In Caesar's Shadow: The Life of General Robert Eichelberger

By Paul Chwialkowski | Go to book overview
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CONCLUSION

Robert L. Eichelberger had a distinguished and prominent career. His accomplishments approached a level of greatness, although he was never accorded the honors that crowned the careers of the truly great officers, such as Patton, Bradley, and Eisenhower. Eichelberger died with the painful realization that, despite his many victories, he had never captured the attention of the historians and his peers; he had somehow been accorded less status than his more noteworthy counterparts in Europe.

This book suggests that Eichelberger's status as a near-great but not truly great officer can be explained by four key factors. One was Eichelberger's failure to achieve a special competence among his peers. As Morris Janowitz states in The Professional Soldier, officers "who wanted to rise [in rank and prestige] had to establish a reputation based on their skill or on their heroic qualities." For example, Patton fit the ideal prototype for the "heroic leader"; Eisenhower and Bradley were prime models of the "military manager." Eichelberger conformed to neither model, although Janowitz states that he "conformed more to the military manager image." 1

Indeed, Eichelberger's image in the years preceding World War II was ambiguous and ill-defined. He was known more for his ability to get along with his superiors than for any recognized talent or skill. He was perceived as a "rising star" among his peers and classmates, but his rapid advancement was generally attributed to the generous support of his well-connected superiors, as opposed to any outstanding accomplishments or talents.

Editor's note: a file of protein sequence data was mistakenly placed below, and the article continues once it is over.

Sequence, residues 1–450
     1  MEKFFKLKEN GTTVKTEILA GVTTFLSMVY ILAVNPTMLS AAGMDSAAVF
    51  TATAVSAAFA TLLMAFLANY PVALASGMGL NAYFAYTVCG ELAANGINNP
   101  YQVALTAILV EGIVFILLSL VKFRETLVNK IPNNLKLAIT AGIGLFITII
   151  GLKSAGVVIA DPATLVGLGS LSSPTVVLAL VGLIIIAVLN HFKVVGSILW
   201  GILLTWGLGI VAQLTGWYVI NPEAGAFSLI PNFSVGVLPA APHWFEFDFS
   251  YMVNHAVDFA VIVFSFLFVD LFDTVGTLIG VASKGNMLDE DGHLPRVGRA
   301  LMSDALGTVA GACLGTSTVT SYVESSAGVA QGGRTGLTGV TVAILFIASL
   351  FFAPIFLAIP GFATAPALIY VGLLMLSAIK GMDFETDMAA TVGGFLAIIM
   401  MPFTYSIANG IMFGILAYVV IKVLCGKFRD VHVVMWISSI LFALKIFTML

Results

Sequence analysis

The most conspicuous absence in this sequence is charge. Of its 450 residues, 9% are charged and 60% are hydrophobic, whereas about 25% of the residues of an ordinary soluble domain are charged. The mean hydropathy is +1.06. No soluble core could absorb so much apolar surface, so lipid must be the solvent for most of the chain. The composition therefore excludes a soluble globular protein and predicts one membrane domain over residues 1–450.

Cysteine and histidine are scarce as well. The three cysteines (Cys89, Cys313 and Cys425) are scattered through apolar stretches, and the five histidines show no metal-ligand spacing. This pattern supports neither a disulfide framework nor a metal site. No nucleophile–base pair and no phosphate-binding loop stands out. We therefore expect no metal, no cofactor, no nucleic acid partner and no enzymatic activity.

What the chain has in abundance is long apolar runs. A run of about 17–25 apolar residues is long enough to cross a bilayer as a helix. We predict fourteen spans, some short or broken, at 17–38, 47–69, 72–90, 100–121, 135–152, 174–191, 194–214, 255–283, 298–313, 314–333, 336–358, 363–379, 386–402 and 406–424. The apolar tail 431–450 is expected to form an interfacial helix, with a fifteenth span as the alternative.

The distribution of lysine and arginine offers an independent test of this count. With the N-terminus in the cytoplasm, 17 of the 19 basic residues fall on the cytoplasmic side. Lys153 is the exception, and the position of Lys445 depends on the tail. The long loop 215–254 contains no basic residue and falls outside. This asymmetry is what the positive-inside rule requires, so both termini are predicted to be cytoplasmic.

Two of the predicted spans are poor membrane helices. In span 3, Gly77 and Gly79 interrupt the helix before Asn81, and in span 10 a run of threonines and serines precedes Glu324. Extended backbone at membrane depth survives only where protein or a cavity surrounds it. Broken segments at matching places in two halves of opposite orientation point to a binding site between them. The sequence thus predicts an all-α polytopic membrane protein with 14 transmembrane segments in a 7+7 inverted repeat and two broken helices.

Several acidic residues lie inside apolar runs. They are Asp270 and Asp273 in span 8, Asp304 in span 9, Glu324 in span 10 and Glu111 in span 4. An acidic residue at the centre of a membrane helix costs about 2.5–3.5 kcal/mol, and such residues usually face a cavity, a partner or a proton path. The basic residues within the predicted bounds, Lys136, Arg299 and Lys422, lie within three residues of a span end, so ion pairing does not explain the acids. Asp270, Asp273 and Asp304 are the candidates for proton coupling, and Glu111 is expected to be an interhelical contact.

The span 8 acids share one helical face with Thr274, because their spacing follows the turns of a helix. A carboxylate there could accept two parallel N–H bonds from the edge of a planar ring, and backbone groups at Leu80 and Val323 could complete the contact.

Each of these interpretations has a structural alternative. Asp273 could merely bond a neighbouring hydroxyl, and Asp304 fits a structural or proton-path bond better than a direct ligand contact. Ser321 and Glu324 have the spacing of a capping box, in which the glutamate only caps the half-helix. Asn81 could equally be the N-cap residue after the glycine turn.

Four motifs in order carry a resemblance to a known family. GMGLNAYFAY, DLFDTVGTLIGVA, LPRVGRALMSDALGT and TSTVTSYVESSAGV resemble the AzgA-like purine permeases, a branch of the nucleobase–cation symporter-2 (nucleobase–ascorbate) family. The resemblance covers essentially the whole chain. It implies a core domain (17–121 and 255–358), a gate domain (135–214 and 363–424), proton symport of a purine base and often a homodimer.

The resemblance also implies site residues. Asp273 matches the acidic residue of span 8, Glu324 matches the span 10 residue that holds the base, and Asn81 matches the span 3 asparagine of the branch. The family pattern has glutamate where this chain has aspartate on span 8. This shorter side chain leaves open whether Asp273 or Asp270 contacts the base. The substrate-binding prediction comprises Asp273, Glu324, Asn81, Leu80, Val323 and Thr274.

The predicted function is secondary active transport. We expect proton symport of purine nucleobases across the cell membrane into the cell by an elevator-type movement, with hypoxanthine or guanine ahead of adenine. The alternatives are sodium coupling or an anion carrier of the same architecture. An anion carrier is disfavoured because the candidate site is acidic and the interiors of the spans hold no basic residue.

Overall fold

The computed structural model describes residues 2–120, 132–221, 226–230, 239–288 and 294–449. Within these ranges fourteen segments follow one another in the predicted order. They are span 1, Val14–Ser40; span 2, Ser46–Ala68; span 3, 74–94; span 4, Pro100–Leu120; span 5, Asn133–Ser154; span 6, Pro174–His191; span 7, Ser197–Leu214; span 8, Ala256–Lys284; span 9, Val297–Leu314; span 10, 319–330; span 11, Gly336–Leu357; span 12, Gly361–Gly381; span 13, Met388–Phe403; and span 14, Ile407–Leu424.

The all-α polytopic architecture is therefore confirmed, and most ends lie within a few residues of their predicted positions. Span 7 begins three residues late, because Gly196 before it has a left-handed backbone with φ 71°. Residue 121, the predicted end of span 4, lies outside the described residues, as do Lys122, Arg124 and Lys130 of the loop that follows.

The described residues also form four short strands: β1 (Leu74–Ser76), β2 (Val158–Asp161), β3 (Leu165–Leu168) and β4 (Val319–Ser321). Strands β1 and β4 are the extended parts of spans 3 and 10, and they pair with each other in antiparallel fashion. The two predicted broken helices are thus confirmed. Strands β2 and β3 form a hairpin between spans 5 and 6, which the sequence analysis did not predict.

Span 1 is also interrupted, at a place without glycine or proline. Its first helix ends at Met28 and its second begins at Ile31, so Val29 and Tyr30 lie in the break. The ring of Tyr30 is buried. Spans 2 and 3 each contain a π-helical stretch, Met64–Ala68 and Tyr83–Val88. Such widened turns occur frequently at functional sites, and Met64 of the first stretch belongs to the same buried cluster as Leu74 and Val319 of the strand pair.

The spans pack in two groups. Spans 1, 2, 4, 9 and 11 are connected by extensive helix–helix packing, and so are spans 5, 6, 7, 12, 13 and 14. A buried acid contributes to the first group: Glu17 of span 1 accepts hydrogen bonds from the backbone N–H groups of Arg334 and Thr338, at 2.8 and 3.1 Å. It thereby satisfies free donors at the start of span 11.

Eichelberger's reputation, or lack thereof, proved to be a major detriment from 1935 to the end of his military career. His rapid advancement through the ranks in the late 1930s attracted negative attention from his peers; they felt he was being unjustly advanced over possibly more qualified candidates. His transfer to the infantry in 1937 only intensified these suspicions. Many of his fellow officers were aware of Eichelberger's connections, and felt that he had gained a

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